What’s the painting play?
It’s a game, but whose rules are there only to enable your spontaneity. The difference between this painting game and other games is that there are no rewards, there is no other purpose to it than to tap into your inner resources, imagination, effectively your inner world. There is no audience, no competition or judgement.
What is the role of the Servant?
Before each session, the colors, brushes, walls and the space itself have to be ready for the start of the painting play. This is where the role begins. During the session, the Servant is always present in the room to “serve” you – ensure you have everything you need to stay focused on the painting play and not get distracted or tired. I’m not there to share any knowledge nor to interfere in the process of painting, by making remarks or asking any questions concerning the paintings. I am there to observe the needs of everyone and stimulate the expression of creative spontaneity. After each session I archive and store the paintings in individual folders.
How does it work?
Once a week, for one hour and half (45 mins for age<5years) participants of all ages share the 18-color pallet table. You can also mix colors, if need to. Painting with your bare hands/fingers is encouraged if you will feel the need to do so.
Everyone paints standing, the white paper is on one of the 4 walls covered with special paper.
No one will impose themes or briefs on you, nor give you feedback on your creation at the end. The practitioner only stimulates your spontaneity and also ensures people have all the resources required to express themselves freely. His role is not to judge the work you produce or create boundaries.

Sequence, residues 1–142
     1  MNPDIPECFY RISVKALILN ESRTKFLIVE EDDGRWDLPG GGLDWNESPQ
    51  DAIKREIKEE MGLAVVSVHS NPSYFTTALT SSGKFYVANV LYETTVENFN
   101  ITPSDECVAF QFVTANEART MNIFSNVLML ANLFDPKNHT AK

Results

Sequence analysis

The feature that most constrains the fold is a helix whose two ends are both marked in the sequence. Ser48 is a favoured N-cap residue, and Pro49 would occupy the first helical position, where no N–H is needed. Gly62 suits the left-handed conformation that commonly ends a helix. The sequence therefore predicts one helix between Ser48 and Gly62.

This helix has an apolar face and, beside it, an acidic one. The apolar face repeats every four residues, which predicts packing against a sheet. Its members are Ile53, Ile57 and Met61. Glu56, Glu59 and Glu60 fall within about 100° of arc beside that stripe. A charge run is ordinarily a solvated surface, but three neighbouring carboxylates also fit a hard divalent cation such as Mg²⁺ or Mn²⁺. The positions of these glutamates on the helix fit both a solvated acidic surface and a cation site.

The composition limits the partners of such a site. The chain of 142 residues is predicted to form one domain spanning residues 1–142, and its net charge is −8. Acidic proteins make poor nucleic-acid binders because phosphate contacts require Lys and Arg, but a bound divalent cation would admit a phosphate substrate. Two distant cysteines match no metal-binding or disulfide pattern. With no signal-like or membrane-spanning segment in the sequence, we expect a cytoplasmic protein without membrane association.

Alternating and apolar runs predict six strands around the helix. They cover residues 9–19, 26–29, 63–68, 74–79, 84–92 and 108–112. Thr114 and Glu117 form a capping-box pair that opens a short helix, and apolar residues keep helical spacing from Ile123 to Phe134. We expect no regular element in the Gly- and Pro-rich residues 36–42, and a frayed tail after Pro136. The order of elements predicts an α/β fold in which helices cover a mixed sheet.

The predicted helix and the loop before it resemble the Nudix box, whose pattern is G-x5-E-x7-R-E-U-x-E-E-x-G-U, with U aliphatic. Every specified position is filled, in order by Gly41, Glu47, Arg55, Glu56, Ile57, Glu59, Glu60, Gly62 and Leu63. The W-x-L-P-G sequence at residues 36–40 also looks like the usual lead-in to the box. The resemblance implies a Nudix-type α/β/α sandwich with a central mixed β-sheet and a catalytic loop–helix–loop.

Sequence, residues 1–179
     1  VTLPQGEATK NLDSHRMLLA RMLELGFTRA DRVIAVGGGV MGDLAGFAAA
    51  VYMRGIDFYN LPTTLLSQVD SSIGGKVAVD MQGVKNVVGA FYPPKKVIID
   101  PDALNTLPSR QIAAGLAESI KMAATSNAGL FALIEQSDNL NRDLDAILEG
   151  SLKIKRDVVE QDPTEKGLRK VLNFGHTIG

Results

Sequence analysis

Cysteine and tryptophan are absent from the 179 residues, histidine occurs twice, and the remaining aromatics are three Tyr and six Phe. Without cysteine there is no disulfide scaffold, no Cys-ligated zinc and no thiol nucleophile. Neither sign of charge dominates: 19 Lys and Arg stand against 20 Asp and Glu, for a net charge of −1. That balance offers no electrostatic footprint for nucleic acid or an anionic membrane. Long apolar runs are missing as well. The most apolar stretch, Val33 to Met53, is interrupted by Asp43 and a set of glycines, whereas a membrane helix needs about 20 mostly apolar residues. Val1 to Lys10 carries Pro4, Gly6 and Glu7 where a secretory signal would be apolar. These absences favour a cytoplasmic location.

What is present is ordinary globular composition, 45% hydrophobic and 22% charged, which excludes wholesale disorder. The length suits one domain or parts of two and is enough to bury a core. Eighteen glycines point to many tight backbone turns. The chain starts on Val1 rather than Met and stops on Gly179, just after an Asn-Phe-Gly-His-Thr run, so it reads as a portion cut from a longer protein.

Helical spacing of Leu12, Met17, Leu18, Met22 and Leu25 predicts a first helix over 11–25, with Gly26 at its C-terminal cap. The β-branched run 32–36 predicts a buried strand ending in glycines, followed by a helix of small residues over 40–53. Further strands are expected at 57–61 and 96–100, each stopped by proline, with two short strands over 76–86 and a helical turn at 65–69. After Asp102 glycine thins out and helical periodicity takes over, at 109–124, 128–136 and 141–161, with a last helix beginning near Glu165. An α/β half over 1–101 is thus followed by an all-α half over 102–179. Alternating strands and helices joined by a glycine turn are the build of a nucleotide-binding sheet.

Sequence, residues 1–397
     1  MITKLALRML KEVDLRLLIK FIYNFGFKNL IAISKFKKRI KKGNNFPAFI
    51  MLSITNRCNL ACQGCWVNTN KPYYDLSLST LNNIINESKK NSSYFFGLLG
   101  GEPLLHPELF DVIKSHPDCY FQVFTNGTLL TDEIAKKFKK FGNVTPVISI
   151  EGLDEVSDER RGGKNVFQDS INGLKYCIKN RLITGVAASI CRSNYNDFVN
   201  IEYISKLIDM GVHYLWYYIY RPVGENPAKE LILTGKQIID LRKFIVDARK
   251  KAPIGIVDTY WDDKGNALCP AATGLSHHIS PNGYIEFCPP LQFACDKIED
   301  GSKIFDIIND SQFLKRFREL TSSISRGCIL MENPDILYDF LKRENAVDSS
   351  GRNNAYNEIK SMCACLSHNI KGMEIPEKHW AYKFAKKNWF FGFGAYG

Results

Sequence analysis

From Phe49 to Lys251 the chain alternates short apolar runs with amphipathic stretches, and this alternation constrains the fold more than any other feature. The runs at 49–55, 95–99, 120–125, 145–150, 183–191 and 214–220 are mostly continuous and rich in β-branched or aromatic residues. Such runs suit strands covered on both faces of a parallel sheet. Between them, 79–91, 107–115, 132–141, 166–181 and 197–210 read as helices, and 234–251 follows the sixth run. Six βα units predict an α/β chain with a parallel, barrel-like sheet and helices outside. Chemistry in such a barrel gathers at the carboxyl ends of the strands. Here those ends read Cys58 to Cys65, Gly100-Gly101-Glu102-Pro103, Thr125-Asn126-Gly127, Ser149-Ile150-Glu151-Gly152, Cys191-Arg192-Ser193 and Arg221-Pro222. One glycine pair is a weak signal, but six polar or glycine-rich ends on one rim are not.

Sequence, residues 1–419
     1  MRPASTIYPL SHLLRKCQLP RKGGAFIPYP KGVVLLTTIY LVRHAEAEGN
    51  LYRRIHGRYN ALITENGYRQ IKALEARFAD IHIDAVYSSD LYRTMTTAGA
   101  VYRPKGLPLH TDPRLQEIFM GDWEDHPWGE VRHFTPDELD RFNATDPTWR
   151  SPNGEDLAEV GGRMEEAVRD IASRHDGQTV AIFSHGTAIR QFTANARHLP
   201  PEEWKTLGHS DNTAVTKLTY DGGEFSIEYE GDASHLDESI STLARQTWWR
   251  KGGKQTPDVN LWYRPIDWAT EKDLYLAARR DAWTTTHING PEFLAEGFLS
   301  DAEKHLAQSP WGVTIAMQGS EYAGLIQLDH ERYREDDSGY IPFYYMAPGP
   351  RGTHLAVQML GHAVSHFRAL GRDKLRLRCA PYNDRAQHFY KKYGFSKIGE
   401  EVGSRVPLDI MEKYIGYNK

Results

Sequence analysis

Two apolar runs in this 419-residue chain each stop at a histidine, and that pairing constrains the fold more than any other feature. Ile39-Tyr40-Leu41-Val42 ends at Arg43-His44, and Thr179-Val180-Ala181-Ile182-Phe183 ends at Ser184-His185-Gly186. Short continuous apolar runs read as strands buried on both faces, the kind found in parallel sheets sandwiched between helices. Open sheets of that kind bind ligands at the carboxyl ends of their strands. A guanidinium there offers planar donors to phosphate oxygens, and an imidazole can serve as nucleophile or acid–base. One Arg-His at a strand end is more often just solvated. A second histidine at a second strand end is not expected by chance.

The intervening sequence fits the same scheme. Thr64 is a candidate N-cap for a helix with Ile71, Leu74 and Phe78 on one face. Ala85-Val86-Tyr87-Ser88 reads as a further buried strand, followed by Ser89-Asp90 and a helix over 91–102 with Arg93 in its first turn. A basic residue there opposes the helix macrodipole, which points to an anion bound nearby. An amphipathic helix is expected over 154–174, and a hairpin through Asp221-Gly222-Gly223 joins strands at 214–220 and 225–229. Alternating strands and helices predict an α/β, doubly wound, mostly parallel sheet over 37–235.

Minimum number of participants is 5 and maximum 12.
What happens with the paintings?
All paintings will be archived in the workshop. People do not come here to produce works of art for the eyes of others, but to live an experience in the moment.
Can I try once?
In order to develop a new skill, you need to dedicate time and be patient. One session is not enough to discover the joy of the game.
The reason for this is that it takes some time to break habits. We have all been educated to think things over and reason at all times, but that is also how we stifled a spontaneous, playful part of us which takes some time to be rebuilt.
Can I do it at home?
Formulation can happen after a while outside the Closlieu but never with the same intensity. The specially designed room with pallet table, high-quality materials, the walls, the rules of the game, no external distraction, the group with their continuity and the practitioner who is there to serve the participants – all this belongs to the painting game and cannot be reproduced in the same way outside this space.
What can parents do at home?
Don’t ask questions, like “What did you want to draw”? Or “Is this a plane…” and so on. Just be the observer, give them the attention and time they need. Do not express your wonder or appreciation, even if you like the painting and feel proud of your child. The lack of judgement, may it be critical or appreciative, should have a continuity outside the Closlieu space.
Why should I not praise the child for his paintings?
The process of painting is more important than the result. The child must be confident in his own resources and needs. If he’s being praised, then the next time he will paint, he will do it knowing that his work will be analysed and that something is expected from him. The spontaneous manifestation of one’s self is then gone.
Does it have a therapeutic effect?
The painting play is not therapy, and should fend off the need of therapy. In art therapy the patient must talk about how he felt when he was painting, whereas in the painting play the process of expressing oneself is the only activity that counts. No one has to justify him/herself.